Wendy Cobb, Senior Lecturer in the School of Teacher Education and Development and Bea Stevenson, Head of Emotional Health at School at Family Links, discuss the need to encourage and establish a foundational change in the education system that positions mental health at the heart of all teaching and learning.

In September The Sun newspaper headline summarised ex-health minister Norman Lamb’s call for early intervention for mental health issues as ‘Kids in Crisis – Solve Britain’s mental health crisis by offering treatment to toddlers to stop problems later in life’.  This focus on early ‘treatment’ makes the assumption that mental health illness for our youth is inevitable.

For years health experts have called for a shift in general practice from an overwhelmingly reactive to proactive approach, arguing that ‘prevention is better than a cure’, yet mental health advice for schools appears to continue to be heavily weighted on reactive approaches to safeguarding and signposting support for a range of mental health issues.

Indeed, the Department for Education’s proposals to train a ‘designated lead for mental health’ and deploy ‘mental health support teams’ in schools, is responsive rather than proactive in nature. While the proposals address a much-needed demand in support for children with mental health illness, the proposals are not brave enough to look at the causes of the rise in mental health issues within the education system itself e.g to what extent are exam stress, teacher burnout and academic definitions of success contributing to the problem? And to radically rethink what we prioritise and incentivise in our schools, in place of the current culture and associated pressures of ‘outcomes accountability’.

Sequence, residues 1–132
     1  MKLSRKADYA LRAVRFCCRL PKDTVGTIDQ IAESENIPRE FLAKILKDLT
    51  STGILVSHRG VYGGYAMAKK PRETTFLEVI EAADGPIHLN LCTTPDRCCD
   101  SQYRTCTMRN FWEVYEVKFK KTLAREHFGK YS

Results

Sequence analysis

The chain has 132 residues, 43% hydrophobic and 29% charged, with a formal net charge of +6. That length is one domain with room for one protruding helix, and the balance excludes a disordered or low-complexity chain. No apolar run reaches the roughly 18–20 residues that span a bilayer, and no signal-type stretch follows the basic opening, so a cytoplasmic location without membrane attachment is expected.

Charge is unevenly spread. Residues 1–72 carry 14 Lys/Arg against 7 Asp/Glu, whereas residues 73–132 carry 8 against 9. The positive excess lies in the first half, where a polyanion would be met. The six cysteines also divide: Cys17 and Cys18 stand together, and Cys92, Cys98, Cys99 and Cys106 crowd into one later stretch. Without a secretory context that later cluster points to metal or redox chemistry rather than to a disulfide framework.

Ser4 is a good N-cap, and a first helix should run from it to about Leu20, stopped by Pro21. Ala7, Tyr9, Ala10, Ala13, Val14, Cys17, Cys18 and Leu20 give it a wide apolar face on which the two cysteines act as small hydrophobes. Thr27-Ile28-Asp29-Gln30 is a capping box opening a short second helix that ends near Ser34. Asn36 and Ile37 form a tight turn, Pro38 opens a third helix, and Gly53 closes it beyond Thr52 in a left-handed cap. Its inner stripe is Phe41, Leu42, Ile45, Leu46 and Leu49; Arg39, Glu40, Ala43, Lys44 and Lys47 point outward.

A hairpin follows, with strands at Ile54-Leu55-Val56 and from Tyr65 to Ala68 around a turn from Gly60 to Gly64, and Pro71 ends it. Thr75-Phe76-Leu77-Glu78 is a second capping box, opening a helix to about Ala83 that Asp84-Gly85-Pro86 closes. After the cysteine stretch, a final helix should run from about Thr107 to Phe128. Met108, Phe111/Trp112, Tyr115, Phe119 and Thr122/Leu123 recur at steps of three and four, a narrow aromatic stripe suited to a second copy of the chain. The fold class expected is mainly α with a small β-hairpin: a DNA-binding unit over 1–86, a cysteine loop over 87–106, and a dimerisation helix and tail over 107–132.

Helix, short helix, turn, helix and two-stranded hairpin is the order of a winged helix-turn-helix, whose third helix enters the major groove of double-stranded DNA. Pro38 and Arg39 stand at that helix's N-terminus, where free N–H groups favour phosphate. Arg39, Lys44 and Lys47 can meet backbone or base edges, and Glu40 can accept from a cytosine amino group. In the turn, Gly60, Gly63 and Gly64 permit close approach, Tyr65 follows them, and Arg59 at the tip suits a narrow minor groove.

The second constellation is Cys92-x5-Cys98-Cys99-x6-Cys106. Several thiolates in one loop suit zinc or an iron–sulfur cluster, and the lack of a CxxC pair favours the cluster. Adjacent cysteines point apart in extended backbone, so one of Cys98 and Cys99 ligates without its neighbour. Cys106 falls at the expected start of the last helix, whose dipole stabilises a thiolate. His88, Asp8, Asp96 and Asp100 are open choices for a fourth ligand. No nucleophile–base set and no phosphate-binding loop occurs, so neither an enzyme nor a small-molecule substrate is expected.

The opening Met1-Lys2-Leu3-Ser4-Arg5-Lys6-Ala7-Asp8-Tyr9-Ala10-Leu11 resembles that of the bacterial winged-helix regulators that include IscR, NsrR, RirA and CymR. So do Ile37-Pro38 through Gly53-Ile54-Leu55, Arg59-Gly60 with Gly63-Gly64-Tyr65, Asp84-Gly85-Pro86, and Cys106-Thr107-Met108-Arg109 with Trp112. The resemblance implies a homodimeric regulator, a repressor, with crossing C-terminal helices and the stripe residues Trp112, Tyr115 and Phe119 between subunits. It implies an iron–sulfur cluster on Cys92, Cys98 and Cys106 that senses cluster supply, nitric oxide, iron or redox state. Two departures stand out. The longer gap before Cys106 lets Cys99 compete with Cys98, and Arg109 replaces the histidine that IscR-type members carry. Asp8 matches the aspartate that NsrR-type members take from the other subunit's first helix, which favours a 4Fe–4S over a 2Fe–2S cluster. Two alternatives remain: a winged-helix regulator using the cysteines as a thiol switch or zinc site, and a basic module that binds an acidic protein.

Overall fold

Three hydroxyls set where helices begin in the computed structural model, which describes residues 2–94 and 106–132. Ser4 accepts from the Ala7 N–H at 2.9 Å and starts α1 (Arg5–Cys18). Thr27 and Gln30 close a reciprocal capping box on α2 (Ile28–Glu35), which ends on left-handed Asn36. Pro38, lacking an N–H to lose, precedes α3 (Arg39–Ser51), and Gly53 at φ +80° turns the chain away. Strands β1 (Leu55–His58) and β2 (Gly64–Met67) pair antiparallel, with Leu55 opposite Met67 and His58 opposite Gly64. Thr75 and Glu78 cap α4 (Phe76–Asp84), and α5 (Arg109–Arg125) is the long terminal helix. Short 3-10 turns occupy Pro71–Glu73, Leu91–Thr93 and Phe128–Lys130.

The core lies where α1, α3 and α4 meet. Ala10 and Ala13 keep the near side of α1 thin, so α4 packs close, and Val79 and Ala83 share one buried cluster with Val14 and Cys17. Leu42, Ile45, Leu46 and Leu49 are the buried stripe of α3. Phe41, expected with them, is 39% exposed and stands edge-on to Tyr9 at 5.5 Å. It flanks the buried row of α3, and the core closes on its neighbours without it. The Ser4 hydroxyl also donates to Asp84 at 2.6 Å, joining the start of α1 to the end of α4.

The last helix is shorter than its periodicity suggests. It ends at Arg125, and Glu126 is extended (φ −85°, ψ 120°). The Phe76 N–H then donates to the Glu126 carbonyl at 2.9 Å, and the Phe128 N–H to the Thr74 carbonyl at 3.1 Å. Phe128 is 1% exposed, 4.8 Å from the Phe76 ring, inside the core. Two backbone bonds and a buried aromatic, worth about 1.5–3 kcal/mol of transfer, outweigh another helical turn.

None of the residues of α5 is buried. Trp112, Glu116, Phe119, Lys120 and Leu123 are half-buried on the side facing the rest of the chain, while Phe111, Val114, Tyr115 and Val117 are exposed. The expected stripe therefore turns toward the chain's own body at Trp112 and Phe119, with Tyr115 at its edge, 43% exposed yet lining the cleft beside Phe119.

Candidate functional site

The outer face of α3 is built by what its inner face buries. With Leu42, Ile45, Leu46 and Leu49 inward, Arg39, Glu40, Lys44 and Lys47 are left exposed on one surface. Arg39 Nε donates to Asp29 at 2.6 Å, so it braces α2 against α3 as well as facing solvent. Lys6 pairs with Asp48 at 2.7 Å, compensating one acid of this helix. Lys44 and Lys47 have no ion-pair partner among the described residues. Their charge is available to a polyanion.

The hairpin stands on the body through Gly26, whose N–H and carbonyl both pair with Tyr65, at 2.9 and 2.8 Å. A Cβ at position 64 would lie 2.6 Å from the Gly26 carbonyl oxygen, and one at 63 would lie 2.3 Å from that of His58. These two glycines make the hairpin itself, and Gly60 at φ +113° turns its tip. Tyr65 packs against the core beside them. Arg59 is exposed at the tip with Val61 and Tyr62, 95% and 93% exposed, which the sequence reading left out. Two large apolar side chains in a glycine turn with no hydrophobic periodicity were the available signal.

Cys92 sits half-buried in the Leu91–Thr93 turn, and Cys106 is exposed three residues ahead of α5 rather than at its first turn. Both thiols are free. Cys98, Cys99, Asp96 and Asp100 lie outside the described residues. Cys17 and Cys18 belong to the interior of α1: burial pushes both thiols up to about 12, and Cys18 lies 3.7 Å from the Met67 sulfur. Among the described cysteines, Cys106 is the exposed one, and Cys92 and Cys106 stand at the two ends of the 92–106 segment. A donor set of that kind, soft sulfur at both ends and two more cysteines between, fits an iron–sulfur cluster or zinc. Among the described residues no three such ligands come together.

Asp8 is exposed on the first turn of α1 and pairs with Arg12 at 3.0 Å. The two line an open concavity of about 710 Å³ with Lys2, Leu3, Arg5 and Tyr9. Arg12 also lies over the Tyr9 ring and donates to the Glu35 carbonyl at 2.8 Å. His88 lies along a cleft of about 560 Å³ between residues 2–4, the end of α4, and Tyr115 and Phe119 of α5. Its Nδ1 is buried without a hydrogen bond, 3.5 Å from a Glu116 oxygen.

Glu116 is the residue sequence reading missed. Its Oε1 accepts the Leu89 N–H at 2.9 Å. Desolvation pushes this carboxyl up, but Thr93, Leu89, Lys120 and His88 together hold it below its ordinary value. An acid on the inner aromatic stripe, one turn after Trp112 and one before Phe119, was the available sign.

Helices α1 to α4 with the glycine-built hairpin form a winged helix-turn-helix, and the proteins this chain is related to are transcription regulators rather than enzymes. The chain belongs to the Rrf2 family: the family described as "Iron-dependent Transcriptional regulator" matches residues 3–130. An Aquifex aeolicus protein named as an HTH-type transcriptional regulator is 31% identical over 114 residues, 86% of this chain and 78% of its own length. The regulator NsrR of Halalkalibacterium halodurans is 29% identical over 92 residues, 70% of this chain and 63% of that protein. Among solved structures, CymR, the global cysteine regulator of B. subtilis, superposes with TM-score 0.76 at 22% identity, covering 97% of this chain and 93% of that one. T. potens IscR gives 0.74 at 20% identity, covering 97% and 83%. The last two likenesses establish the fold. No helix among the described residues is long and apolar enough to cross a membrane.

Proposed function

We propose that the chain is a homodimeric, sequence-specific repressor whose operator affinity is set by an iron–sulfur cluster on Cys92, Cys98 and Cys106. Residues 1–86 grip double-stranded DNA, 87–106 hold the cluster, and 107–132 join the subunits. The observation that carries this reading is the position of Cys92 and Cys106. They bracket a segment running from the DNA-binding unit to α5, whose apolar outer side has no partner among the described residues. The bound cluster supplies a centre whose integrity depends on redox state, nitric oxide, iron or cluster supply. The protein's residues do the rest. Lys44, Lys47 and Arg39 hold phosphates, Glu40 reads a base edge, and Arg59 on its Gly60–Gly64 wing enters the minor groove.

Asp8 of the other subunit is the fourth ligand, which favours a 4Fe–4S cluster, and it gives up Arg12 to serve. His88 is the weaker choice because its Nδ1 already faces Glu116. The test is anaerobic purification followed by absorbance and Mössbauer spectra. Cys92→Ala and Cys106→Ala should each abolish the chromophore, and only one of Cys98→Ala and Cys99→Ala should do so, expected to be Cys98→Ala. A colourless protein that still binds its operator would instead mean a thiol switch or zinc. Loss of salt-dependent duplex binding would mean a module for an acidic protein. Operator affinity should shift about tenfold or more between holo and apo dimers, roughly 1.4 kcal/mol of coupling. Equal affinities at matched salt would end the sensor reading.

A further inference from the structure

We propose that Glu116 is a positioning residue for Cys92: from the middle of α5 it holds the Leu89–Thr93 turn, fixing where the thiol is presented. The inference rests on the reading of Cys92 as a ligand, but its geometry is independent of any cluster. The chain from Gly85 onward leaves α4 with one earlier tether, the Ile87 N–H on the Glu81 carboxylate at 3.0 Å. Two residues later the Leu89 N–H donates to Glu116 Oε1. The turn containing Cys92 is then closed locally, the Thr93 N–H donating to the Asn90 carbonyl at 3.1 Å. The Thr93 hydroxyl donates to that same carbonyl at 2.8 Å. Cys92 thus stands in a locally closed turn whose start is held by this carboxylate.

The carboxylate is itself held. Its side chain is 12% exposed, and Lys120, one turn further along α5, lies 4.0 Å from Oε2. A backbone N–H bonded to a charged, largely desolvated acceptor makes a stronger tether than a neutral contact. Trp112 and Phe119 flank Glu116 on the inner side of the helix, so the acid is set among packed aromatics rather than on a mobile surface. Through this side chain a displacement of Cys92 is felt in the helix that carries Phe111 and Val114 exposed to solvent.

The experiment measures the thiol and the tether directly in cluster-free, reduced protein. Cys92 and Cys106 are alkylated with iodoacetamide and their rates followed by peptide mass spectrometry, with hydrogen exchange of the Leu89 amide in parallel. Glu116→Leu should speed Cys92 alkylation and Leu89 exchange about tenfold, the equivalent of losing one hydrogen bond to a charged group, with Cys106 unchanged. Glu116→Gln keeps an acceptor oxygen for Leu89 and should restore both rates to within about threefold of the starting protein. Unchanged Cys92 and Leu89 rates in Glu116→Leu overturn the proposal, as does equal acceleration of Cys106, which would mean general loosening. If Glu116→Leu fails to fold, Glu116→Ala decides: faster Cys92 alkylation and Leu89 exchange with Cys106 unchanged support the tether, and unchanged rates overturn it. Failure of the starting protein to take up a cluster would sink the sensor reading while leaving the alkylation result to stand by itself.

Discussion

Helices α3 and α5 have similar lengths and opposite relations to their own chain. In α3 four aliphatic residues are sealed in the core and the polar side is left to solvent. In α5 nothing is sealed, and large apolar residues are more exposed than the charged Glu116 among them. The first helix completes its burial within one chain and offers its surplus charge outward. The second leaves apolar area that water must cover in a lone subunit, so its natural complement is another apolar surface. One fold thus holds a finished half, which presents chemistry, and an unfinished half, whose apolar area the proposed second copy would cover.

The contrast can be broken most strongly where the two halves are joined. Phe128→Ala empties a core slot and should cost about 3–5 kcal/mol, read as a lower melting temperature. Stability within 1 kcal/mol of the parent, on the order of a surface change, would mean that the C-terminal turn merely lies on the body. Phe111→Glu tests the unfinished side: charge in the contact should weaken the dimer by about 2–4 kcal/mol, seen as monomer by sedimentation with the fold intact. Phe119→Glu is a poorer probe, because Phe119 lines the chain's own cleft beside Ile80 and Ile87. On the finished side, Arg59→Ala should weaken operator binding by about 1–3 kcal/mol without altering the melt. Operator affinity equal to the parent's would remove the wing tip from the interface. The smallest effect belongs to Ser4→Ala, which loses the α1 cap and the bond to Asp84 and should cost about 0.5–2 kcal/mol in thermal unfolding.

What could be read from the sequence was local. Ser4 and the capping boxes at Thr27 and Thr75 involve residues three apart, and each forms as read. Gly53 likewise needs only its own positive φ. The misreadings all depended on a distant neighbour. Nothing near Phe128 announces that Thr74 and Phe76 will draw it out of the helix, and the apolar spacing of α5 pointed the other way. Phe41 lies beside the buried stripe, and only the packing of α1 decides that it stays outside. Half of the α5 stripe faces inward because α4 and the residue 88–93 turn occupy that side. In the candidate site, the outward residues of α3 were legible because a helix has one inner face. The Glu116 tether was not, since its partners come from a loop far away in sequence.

In our emotional health leadership roles at Canterbury Christ Church University’s Faculty of Education and Family Links: The Centre for Emotional Health, we have been working within wider partnerships to promote a fundamental shift in the education system and therefore schools. Through this lens, emotional health is seen as the foundational approach for education, ‘the bedrock for a positive learning environment‘.

That is why we have embedded emotional health within our initial teacher education and mentor development programmes and why we developed through our partnership masters level leadership training for positive mental health through our Post Graduate Certificate in Social and Emotional Learning.

Teachers need knowledge, skills and understanding, to be able to prioritise their own emotional health in order to support the health and learning of their pupils. This includes, but is not limited to, responding to mental health concerns. A child, or indeed adult, with a mental health illness will be better supported and nurtured within an emotionally healthy environment: one that genuinely prioritises the relationships, health and academic success of the whole community.

Until leaders at all levels are supported (and incentivised) to make emotional and good mental health the core of their purpose, it will always come second to academic outcomes and therefore be side-lined or become the responsibility of a few overwhelmed people within the system.

We need the courage to establish a foundational change to our education system that positions positive mental health at the heart of all teaching and learning.